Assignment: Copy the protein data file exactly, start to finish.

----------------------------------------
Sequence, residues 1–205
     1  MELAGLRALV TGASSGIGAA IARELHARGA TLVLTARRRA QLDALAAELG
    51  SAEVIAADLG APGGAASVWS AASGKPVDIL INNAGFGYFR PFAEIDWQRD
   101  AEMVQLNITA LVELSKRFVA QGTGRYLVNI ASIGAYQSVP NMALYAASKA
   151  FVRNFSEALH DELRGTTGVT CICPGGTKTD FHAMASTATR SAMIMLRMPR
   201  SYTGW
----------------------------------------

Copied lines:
Sequence, residues 1–205
     1  MELAGLRALV TGASSGIGAA IARELHARGA TLVLTARRRA QLDALAAELG
    51  SAEVIAADLG APGGAASVWS AASGKPVDIL INNAGFGYFR PFAEIDWQRD
   101  AEMVQLNITA LVELSKRFVA QGTGRYLVNI ASIGAYQSVP NMALYAASKA
   151  FVRNFSEALH DELRGTTGVT CICPGGTKTD FHAMASTATR SAMIMLRMPR
   201  SYTGW